“Toddler is a totally different category, and our mission is to support the infants and new parents,” she said.


Company: cnbc, Activity: cnbc, Date: 2019-08-02  Authors: christina farr
Keywords: news, cnbc, companies, eyeing, silicon, market, valley, giant, infant, modi, european, working, bobbie, formula, formulas, parents, different


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The EU has new people in charge. And it’s not good news for US tech firms

New officials at the heart of the EU will likely keep America’s big tech firms under close scrutiny, experts have told CNBC. It has also proposed different laws that seek to limit online content and there’s little evidence that anything will change under the EU’s new leadership. Dexter Thillien, a senior industry analyst at Fitch Solutions, told CNBC via telephone Wednesday that Europe is keen to continue to be seen as the global leading force in tech regulation. Thillien explained that Europe s


New officials at the heart of the EU will likely keep America’s big tech firms under close scrutiny, experts have told CNBC. It has also proposed different laws that seek to limit online content and there’s little evidence that anything will change under the EU’s new leadership. Dexter Thillien, a senior industry analyst at Fitch Solutions, told CNBC via telephone Wednesday that Europe is keen to continue to be seen as the global leading force in tech regulation. Thillien explained that Europe s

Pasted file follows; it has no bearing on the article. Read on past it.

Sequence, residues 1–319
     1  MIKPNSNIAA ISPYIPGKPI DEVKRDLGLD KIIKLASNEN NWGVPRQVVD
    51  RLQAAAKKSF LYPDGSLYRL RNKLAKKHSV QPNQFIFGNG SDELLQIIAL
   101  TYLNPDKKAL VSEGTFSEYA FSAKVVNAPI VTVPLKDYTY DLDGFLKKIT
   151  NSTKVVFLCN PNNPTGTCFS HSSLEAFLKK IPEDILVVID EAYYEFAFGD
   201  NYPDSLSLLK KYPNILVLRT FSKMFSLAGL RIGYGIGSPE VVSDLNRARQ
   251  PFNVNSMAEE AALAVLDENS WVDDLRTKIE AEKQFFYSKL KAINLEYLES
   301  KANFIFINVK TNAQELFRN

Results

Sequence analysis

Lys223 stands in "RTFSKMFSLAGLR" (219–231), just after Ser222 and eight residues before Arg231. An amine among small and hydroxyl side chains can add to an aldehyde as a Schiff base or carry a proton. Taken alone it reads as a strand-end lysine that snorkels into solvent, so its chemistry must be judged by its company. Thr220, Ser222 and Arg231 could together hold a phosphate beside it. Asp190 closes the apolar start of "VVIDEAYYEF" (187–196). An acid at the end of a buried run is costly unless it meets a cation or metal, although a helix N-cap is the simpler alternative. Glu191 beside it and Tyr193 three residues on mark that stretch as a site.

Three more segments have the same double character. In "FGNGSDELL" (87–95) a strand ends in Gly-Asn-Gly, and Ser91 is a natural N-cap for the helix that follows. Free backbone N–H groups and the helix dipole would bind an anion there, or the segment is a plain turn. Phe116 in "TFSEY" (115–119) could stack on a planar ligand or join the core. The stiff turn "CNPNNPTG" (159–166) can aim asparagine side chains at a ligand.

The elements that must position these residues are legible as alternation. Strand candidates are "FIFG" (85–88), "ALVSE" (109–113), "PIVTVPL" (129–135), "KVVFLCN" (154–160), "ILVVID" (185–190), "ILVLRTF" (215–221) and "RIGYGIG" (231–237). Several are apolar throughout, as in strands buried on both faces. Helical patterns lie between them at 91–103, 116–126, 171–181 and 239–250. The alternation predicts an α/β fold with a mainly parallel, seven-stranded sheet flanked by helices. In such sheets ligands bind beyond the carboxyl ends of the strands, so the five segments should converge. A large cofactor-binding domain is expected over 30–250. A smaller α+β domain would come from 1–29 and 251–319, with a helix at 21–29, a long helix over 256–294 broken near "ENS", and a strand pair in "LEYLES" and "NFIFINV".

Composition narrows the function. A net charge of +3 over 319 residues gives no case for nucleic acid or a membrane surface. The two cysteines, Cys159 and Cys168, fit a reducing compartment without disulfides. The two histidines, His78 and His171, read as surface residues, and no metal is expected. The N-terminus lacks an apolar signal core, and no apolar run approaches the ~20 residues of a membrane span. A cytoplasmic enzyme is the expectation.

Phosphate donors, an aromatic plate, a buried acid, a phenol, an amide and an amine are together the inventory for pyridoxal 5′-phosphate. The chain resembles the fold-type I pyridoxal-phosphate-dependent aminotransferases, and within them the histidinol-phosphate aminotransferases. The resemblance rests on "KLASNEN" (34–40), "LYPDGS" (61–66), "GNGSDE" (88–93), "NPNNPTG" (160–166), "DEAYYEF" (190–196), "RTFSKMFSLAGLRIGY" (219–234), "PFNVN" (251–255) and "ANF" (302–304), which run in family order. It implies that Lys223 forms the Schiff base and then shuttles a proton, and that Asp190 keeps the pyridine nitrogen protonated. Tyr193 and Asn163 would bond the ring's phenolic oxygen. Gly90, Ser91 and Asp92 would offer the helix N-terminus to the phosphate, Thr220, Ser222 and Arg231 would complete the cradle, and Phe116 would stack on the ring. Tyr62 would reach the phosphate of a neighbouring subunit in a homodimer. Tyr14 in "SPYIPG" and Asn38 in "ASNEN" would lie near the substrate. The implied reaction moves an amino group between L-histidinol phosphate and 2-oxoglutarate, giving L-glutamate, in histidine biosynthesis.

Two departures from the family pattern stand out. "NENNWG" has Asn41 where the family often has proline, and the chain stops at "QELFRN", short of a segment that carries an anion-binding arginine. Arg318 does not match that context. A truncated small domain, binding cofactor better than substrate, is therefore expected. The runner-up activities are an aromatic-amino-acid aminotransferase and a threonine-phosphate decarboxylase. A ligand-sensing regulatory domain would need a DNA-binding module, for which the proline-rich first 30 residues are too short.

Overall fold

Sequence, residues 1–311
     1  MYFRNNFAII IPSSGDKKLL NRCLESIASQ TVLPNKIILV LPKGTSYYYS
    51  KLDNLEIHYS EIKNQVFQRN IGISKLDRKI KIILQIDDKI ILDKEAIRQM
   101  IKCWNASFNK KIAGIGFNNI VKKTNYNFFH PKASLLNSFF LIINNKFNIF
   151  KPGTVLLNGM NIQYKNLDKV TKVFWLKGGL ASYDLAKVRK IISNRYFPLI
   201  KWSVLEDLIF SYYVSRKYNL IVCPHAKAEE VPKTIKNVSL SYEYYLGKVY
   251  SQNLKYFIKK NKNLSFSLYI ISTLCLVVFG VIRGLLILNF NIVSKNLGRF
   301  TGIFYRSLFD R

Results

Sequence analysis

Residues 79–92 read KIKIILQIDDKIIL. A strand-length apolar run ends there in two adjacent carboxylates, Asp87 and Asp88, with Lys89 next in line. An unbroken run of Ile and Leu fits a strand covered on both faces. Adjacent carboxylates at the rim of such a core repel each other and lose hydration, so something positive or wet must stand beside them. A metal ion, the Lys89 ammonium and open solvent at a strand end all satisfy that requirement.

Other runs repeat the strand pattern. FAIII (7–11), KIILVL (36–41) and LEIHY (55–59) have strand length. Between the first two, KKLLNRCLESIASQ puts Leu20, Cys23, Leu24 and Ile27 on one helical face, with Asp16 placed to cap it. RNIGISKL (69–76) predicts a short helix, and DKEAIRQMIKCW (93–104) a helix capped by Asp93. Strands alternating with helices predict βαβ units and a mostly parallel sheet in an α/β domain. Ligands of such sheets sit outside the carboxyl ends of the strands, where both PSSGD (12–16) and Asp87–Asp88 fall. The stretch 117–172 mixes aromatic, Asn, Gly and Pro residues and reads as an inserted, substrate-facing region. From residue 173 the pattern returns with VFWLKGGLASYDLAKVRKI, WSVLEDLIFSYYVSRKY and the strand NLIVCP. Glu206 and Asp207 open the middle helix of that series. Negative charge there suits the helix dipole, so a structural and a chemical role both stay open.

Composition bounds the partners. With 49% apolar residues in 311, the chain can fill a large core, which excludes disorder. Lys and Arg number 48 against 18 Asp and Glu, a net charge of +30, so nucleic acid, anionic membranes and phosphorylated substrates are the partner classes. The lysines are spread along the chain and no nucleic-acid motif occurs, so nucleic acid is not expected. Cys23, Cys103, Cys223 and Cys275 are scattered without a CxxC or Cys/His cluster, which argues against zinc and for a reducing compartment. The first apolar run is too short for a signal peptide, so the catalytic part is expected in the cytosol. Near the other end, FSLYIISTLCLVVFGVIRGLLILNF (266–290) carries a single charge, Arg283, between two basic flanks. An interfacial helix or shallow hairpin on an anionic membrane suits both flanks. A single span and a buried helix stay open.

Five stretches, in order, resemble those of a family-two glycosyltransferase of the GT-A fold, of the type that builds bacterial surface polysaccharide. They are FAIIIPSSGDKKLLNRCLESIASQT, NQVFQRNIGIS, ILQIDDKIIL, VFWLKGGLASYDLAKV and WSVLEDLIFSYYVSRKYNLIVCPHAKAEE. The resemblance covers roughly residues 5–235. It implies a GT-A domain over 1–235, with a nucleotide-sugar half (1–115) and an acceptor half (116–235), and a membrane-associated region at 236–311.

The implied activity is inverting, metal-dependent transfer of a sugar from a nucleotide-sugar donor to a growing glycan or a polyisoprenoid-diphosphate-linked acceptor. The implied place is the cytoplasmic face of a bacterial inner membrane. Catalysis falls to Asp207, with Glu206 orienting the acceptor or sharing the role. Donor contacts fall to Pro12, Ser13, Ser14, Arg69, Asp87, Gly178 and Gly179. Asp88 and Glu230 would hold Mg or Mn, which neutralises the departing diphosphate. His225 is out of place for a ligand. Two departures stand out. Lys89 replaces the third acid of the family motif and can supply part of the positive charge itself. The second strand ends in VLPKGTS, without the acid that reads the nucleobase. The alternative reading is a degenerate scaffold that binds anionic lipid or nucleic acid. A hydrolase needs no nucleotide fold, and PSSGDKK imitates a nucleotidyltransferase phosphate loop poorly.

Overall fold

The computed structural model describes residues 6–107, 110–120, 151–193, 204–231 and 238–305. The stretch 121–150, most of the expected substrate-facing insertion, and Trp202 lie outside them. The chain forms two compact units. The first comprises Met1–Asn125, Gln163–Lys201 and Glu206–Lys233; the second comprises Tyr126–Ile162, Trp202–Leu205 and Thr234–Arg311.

The EU has new people in charge. And it’s not good news for US tech firms Cached Page below :
Company: cnbc, Activity: cnbc, Date: 2019-08-01  Authors: silvia amaro
Keywords: news, cnbc, companies, tech, regulation, eus, told, charge, europe, thillien, good, eu, global, theres, valley, firms


The EU has new people in charge. And it's not good news for US tech firms

New officials at the heart of the EU will likely keep America’s big tech firms under close scrutiny, experts have told CNBC.

The European Commission — the EU’s executive arm — has fined companies such as Google and Apple for disrespecting its competition rules and is currently investigating Amazon. It has also proposed different laws that seek to limit online content and there’s little evidence that anything will change under the EU’s new leadership.

Dexter Thillien, a senior industry analyst at Fitch Solutions, told CNBC via telephone Wednesday that Europe is keen to continue to be seen as the global leading force in tech regulation. Thillien explained that Europe saw a loophole in global tech regulation and felt the need to act. “Europeans have all the negatives but none of the positives,” he said, referring to the fact that Europe has not created any large tech firms but has had to deal with the presence of Silicon Valley behemoths.


Company: cnbc, Activity: cnbc, Date: 2019-08-01  Authors: silvia amaro
Keywords: news, cnbc, companies, tech, regulation, eus, told, charge, europe, thillien, good, eu, global, theres, valley, firms


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Apple lost the 5G battle, but it paid Intel $1 billion to win the war